The word PRODIGAL means: spending money or resources freely and recklessly; wastefully extravagant.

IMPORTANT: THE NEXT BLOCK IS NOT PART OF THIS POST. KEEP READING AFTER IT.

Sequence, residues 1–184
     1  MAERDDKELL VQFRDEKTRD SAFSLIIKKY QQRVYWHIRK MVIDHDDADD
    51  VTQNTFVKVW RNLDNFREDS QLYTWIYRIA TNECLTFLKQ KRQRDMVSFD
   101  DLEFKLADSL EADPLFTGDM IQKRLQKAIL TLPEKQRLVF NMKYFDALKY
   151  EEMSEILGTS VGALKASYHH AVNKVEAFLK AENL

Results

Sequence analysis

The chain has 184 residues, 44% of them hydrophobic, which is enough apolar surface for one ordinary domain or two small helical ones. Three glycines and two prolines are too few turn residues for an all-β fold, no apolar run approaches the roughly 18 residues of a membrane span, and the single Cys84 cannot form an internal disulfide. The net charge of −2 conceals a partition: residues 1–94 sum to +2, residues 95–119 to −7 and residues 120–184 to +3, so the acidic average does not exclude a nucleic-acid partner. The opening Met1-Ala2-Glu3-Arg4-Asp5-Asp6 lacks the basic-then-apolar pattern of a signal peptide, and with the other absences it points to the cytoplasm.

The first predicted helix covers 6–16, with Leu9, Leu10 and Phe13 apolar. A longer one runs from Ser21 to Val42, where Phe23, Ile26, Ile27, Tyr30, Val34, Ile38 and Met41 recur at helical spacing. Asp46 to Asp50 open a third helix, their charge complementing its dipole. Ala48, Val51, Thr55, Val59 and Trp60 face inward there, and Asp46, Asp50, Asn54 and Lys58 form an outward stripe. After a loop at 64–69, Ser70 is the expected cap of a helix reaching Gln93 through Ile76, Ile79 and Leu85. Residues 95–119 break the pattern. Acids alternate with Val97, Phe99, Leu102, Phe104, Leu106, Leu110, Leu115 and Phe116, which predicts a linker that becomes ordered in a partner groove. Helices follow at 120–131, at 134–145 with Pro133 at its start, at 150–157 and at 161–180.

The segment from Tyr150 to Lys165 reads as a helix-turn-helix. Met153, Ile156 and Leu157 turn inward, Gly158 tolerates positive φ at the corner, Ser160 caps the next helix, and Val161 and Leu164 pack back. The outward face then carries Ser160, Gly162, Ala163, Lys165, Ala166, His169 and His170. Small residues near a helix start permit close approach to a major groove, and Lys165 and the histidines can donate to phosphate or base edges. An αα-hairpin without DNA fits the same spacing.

We celebrate mid-lent today, (The Western church celebrates mid-lent and calls is Laetare Sunday, next Sunday with same gospel reading) with this most beautiful parable. Its vast panorama portrays three characters: the younger son, the older son, and the Father, and two opposite “angels/servants” those who serve and cleansed the lost son, and those who instigated the fight in the heart of the older son. It is the parable of the Prodigal Father we may say, Rich in Mercy. More than any other, the parable of the Prodigal Son convinces us of God’s tender and undying love for his sons and daughters. First, consider the younger son: “Father, give me the share of your estate that should come to me.” In a shocking act of non-negotiable, in-your-face self-centeredness, he demands from his father half of the family business in cash so that he can waste it in a distant land—perhaps Las Vegas or Miami. We might miss the outrage in his words—“I can’t wait for you to die, old man: give me your money now”. The lost son enters the empty lands of his own self-absorption, the vast barren regions where demons abide. He is truly the Lost Son.  Eventually, the Lost Son hits bottom, returns to his senses, and resolves to turn back to his father’s house. “While he was still a long way off, his father caught sight of him.” The Father scans the horizon day after day, longing for his son, but refusing to force him. He detects only a glimmer in his son, a small speck on a distant horizon, slowly moving closer. He does not wait, but tucks up his noble robes and runs, not walks, but runs to his son. And all is forgiven. The Father does not even wait for his son to finish his confession: your sins do not matter now. All that matters is that I have you back, safe and sound. You have returned to me. God is always watching us, waiting for our next move. Thoughtlessly, we fear he watches our every move in order to condemn, waiting with baited breath to accuse us. But this image is not the Scriptural truth. Jesus, in his greatest parable, portrays a Father, rich in mercy, relenting in punishment, always ready to forgive. In the Bible, it is Satan who accuses. The ring, the finest robe, the fattened calf—all this is ours, if we return to our Father’s house. We can only do that through the grace of Christ. Therefore, Paul concludes, “we implore you: be reconciled to God.” Make a good confession, with your whole hearts. Return to your father’s house. He will run to greet you, with open arms, for my Son, he says, “was lost, and is found. He was dead, and has come back to life again.”